Sunday, December 15, 2013

Storyteller's Rulebook #201: Closure is the Opposite of Emotion aka Don’t Let Your Characters Read the Script!

This week well have the final four and then a long-promised huge post that is NOT about Pacific Rim, I promise!
All-Too-Common Flaw #10! 

At the end of Pacific Rim, two pairs of co-pilots are going off to fight the final batch of monsters. Charlie Hunnam and Rinko Kikuchi are getting in one robot, while Idris Elba and Robert Kazinsky are getting in the other. It seems unlikely that they’ll all survive this battle. Then a number of ominous things happen:

  • As soon as Elba suits up, Kikuchi says to him: “You’ll die if you get in there.” And he responds, “If I don’t get in there, we’ll all die.” Hmm…
  • Elba and Kazinsky take time out to have tearful farewells with everybody, explain that their sacrifice is worth it, and have some tearful hugs. The other pilots just hop in their robot and take off.
  • Just before they leave, Kazinsky’s father runs up to Elba, tearfully points to Kazinsky and says, “That’s my son, you’ve got there…” And you expect him to add, “You take care of him!”, but instead, he just repeats “…My! Son!” in a heart-in-his-throat “I’m proud of my dead gay son” tone of voice.
Okay, so now it’s very clear that these guys are going die…and yet we’re supposed to have another half hour worth of suspense about whether or not they make it? I found myself feeling that surely this must be a fake-out and the other two would die…but no, it happens exactly the way we all assumed it would.

Why does one pair say all those good-byes and the others don’t? Because they’ve all read ahead in the script…and as soon as we see those scenes, we have, too.

These scenes were supposed to make the deaths of these characters more emotional, but they have the opposite effect. Dying won’t be that sad now, because at least they’ve had a chance to get closure with all their loved ones. They want to make us worry more about these characters, but instead we worry less. We’re re-assured that there won’t be any surprises and so we’re already halfway out to the parking lot in our minds.

Just because the audience watches people feeling an emotion on screen doesn’t mean that the audience will share that emotion. In real life, you only realize that you really care about someone when you start worrying about them all the time.  The true source of worry is uncertainty. “Do I dare to care about this person, even though I don’t know how it’ll end?” When you eliminate the uncertainty about a character, whether you’re certain the character is either going to live or die, you eliminate the emotion.


Anonymous said...

Good one. Far better that the characters just say "I'll be back in an hour, keep my dinner warm" and then unexpectedly run into extra trouble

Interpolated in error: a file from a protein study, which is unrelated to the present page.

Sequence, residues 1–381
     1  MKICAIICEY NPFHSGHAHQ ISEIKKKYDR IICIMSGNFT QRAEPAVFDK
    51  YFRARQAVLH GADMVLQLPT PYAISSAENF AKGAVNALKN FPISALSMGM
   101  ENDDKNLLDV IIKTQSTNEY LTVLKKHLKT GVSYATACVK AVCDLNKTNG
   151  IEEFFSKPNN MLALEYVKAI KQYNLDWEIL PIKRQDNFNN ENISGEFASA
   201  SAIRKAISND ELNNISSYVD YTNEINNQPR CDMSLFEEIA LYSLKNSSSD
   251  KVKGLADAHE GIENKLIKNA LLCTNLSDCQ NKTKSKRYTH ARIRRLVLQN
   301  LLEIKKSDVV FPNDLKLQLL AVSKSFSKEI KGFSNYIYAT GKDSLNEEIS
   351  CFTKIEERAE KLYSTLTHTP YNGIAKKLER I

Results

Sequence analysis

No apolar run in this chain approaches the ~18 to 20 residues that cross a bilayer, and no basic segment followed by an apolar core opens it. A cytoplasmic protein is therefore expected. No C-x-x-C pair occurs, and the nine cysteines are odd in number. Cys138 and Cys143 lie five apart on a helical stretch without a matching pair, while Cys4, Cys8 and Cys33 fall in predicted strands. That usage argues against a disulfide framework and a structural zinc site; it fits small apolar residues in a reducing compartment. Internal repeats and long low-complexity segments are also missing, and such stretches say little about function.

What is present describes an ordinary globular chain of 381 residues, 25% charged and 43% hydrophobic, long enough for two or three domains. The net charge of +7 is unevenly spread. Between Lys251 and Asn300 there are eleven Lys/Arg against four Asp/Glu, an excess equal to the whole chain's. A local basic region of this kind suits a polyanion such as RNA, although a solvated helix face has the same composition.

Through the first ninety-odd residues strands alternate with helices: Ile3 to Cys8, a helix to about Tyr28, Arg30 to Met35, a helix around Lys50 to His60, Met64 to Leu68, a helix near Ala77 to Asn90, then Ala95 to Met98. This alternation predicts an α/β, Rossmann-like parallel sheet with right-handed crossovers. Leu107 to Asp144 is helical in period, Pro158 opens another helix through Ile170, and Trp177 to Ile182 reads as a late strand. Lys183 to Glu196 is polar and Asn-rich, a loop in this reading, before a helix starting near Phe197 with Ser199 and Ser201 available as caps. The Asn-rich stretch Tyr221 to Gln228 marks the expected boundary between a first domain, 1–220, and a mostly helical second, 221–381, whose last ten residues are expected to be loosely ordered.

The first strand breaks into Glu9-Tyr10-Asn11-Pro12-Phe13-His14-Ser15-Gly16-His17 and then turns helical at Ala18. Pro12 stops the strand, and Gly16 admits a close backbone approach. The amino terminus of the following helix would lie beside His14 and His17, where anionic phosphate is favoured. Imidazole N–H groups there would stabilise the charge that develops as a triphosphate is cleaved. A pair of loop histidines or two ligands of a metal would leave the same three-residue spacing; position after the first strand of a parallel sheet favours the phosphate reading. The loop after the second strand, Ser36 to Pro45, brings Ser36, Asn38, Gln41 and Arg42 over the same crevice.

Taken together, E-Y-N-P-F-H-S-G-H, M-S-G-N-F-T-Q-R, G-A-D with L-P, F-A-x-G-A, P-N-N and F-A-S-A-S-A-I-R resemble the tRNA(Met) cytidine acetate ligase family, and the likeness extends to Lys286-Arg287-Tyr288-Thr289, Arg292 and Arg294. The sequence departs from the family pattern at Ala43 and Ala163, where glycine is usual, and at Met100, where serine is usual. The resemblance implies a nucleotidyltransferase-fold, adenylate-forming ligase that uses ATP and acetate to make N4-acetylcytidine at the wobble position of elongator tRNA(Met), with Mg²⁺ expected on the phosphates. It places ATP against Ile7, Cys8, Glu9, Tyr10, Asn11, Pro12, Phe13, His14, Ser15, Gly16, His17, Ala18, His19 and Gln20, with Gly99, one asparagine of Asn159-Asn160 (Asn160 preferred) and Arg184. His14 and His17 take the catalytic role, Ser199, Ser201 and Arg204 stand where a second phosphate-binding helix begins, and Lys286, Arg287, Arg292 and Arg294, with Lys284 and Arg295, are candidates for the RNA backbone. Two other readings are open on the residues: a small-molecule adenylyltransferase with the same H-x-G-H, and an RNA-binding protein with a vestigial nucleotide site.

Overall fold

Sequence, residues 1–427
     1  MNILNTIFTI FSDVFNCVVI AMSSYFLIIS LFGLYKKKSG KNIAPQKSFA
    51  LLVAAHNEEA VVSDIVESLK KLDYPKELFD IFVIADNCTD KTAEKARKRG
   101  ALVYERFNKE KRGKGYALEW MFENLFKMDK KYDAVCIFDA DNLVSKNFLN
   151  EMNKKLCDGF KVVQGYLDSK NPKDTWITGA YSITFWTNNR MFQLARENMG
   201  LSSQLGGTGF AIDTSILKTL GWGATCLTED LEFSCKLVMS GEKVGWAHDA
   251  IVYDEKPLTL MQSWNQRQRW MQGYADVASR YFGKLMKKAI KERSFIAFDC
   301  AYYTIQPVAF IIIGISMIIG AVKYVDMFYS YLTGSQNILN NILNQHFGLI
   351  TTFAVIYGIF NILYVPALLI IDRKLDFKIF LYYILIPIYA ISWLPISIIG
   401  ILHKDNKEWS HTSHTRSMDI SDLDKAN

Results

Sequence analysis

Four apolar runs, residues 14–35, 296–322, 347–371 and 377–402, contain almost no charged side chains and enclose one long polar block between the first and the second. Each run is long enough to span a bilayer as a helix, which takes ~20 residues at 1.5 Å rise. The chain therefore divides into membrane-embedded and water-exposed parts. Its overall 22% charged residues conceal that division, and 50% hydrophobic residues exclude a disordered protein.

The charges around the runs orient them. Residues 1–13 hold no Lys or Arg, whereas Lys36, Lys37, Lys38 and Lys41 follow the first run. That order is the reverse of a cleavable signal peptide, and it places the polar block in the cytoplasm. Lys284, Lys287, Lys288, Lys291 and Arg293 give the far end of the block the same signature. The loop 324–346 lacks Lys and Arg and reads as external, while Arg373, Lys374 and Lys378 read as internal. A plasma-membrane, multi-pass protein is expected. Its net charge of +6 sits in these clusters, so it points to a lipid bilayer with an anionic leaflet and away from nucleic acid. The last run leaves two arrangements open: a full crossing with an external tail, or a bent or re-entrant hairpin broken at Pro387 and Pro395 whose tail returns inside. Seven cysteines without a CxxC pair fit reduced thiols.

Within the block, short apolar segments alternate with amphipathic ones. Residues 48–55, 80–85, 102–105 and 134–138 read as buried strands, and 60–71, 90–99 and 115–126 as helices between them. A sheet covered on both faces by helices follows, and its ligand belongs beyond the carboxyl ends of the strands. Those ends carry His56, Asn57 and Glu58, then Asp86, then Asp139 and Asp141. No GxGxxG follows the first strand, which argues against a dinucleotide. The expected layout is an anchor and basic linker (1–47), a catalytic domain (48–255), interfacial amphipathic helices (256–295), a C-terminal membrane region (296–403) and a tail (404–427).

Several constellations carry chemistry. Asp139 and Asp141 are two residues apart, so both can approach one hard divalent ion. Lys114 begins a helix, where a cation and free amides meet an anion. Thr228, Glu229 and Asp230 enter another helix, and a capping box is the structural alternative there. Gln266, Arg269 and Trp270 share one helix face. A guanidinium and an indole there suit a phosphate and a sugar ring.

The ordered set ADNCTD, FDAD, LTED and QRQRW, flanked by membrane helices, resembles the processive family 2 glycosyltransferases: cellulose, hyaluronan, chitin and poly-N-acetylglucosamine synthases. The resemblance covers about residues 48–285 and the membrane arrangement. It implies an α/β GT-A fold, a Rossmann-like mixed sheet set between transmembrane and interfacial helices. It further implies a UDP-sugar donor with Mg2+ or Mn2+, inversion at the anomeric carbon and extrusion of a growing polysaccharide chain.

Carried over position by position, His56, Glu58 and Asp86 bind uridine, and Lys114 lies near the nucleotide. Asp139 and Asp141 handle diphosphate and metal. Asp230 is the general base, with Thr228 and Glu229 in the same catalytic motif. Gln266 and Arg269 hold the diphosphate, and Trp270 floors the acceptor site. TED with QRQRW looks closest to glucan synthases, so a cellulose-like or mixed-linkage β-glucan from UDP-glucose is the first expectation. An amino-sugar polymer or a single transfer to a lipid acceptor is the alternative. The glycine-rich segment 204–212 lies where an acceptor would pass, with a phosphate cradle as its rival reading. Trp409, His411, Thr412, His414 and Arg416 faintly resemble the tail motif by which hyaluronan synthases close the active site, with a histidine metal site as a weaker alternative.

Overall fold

j.s. said...

Is it any surprise that BREAKING BAD (spoilers follow!) is the poster child for how to handle this correctly? The show kept us all guessing right up to the end, so much so that I recall a number of people telling me that Hank would find some way out of that apocalyptic showdown with the Nazis when the writers left us hanging between two final episodes. And the show itself was so volatile that you really could imagine it was possible for more characters to die at any given moment in the last season.

This also reminds me of a quotation I've heard attributed to Frank Capra: "A tragedy isn't when the actors cry, it's when the audience does." And of course of the intense emotion that comes at the ends of the otherwise extremely restrained films of Robert Bresson (Btw, Matt still really needs to see A MAN ESCAPED).

Matt Bird said...

Great Capra quote. Exactly my point.

And hey, I still haven't seen "A Man Escaped", but I've got "Diary of a Country Priest" on my DVR and I almost watched it today, so that counts for something, right?

j.s. said...

I wouldn't normally warn someone off of any Bresson film. But in your case, given the sorts of things that are known to turn you off to art films, I worry that if you watch DIARY OF A COUNTRY PRIEST first, you might never be inclined to see another one. Whereas A MAN ESCAPED has a story so compelling that some people I've shown it to hardly notice it's arty at all. There's a beautiful new transfer out via Criterion on Blu-ray, DVD and HuluPlus.

Anonymous said...

A MAN ESCAPED is great because it's not arty in any of the ways that the word "arty" often connotes. It's a barebones film that just shows a man escaping from prison camp, day by tense day. The arty aspect is Bresson's minimization of psychology and refusal to "amp up" anything. The effect is anti-dramatic (in the sense that the theatre is dramatic) but it's perfectly suited to the medium of film. Booyeah